“Living While Black Racial Profiling” a phrase that encompasses the myriad ways black people are viewed with suspicion, profiled, and threatened with responses from police for minor infractions, or less. Collectively, they illustrate the ways people of color are subjected to arbitrary social expectations, and how violating those expectations is punishable. Decades after the collapse of legal segregation, they also show that spaces like clothing stores, coffee shops, neighborhoods, and universities remain strongly controlled along racial lines.
A woman protests at a Philadelphia Starbucks following the arrest of two black men in April 2018. The arrest became the first in a wave of stories about black people. A clear case of Living While Black – racial profiling.
Bastiaan Slabbers/NurPhoto via Getty Image
In many ways, the recent wave of Living While Black Racial Profiling incidents highlight issues that go beyond the circumstances that fuel any single story. They speak to the intensification of racial tension in a political climate that has emboldened whites frustrated with a perceived loss of power and fueled fear and anxiety in communities of color.
Much like the rise of Black Lives Matter and the videos of police violence that accompanied it, Living While Black Racial Profiling offers evidence in real time that America is still grappling with long-held racial divisions. As the incidents continue, the deluge of footage is sparking a discussion about race and racism that focuses on the ways individual behavior can play into larger acts of systemic racism. It’s an important discussion driven by unfortunate circumstances. But it’s also a very old issue.
Profiling isn’t new, but Living While Black Racial Profiling is calling new attention to it
At its core, Living While Black is about racial profiling, the concept that a person’s race or ethnicity makes them an object of suspicion and heightened scrutiny from law enforcement. From the use of slave patrols to lynching to legal segregation, and in modern iterations like stop and frisk, racial profiling has long been used to maintain white authority by singling out the presence and behavior of people of color — especially African Americans — as requiring punishment. These systems rely on the participation of bystanders and observers to alert authorities to those deemed “suspicious.”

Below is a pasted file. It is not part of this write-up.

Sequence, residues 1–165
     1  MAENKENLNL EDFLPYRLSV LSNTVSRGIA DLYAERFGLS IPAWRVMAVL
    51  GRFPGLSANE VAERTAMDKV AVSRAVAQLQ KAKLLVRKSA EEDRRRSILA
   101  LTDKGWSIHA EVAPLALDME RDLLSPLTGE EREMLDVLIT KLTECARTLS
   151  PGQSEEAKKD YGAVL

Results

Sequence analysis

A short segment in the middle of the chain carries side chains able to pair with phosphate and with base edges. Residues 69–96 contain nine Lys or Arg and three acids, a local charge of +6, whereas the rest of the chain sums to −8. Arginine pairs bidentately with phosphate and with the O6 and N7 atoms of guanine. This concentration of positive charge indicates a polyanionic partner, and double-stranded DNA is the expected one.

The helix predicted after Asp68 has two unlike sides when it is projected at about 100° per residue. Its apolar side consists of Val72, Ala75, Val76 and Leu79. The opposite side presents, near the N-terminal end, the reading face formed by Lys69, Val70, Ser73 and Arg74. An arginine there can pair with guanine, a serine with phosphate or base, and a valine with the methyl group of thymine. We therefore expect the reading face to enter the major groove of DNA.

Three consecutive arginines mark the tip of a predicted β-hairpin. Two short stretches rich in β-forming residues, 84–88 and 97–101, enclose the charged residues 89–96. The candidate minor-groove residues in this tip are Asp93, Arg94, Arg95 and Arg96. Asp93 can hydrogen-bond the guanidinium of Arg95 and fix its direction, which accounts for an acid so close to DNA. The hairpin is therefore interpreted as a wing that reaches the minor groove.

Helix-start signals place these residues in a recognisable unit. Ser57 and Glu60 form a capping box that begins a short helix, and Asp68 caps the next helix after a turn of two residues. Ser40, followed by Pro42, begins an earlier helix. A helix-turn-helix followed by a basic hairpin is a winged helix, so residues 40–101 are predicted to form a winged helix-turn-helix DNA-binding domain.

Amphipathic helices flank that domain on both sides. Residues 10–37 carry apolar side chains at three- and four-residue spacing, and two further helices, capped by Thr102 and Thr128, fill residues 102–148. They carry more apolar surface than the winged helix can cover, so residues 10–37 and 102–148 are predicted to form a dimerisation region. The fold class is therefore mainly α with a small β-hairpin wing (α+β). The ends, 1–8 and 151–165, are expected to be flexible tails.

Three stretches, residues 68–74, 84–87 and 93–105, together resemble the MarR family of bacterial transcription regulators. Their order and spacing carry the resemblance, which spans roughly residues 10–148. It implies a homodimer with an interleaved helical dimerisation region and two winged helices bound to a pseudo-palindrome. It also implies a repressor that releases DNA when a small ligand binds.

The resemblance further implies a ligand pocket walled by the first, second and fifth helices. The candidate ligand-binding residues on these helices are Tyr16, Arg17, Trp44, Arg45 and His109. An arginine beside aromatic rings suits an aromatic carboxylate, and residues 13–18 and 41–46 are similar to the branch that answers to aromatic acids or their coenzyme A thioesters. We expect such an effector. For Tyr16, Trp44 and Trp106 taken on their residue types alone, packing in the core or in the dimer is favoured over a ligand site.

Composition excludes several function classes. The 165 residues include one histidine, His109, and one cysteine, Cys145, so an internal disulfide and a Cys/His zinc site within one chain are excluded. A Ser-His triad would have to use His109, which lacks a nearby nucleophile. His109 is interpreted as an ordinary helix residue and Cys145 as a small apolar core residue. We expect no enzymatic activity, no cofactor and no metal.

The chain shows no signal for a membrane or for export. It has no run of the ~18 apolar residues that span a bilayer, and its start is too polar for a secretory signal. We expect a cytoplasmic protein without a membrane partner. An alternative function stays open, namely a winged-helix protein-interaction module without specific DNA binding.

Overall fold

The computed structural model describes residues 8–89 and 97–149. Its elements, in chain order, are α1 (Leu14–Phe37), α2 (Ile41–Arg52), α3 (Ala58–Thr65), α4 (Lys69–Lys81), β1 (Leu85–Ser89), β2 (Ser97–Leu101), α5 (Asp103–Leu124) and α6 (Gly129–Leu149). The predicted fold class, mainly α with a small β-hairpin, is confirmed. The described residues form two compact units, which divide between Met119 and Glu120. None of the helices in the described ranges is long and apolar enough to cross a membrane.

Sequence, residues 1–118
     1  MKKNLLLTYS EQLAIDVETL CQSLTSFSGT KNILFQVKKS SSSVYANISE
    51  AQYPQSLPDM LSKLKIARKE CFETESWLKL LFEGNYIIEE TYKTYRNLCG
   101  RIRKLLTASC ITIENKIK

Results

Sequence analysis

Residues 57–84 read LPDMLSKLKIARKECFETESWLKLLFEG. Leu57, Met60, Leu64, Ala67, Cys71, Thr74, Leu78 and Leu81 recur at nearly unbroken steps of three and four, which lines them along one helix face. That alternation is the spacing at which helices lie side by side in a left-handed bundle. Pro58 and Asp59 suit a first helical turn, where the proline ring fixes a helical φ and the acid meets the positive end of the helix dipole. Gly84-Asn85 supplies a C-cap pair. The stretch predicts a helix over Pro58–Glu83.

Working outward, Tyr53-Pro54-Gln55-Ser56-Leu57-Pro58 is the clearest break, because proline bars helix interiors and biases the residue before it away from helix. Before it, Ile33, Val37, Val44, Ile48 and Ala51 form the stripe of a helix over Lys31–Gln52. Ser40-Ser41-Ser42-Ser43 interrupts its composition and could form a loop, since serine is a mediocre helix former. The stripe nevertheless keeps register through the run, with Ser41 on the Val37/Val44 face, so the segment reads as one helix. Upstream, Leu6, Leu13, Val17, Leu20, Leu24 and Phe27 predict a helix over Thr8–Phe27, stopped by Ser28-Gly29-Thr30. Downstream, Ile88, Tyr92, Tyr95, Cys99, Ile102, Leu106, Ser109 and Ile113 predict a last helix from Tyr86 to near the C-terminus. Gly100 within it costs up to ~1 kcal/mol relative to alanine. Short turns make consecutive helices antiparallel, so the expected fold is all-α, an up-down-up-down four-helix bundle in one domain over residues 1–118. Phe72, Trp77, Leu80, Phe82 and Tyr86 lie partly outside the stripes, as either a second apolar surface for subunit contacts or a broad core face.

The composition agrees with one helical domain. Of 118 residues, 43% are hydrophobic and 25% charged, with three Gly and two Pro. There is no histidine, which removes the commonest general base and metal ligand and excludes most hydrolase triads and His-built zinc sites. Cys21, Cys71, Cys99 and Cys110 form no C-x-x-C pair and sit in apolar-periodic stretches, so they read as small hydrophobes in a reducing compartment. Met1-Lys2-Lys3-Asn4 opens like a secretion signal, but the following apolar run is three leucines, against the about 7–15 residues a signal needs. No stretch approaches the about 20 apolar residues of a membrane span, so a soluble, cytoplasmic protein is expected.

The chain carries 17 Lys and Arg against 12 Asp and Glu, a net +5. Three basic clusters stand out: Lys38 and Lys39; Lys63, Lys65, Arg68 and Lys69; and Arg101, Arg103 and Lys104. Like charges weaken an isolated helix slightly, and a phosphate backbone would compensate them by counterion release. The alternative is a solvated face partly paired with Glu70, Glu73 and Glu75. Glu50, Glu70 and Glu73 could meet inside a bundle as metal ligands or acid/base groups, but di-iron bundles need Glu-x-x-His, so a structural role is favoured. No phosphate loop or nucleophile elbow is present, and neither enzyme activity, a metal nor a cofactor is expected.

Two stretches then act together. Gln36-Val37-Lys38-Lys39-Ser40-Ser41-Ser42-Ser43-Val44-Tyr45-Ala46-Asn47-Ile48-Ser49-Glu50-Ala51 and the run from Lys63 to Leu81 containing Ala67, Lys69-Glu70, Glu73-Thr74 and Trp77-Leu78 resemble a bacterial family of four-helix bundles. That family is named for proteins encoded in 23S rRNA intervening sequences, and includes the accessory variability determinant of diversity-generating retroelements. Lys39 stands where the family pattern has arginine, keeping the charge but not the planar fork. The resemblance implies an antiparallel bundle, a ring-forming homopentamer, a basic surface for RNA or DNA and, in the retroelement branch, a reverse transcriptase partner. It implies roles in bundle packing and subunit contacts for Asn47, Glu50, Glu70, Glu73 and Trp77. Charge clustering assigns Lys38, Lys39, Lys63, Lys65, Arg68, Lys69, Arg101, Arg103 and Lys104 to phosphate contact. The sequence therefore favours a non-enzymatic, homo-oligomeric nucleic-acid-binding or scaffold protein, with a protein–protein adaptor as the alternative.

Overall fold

The incidents also speak to the persistence of residential segregation and isolation, particularly of whites, and how that isolation simultaneously maintains and heightens white mistrust of nonwhite groups. And with many of these calls leading to requests for police intervention, they highlight the use of law enforcement to “manage” the behavior of African Americans. That’s fraught with menace
Research has shown that black people are often subjected to heightened scrutiny and suspicion, which begins in childhood. In 2014, researcher Phillip Goff found that by the age of 10, black boys begin to be seen as less innocent than their white peers. And a Georgetown study released in 2017 found that black girls as young as 5 are already perceived as more adult-like and less innocent than white girls of the same age because of the racial disparities in police use of force that make people of color more likely to encounter violence or harassment.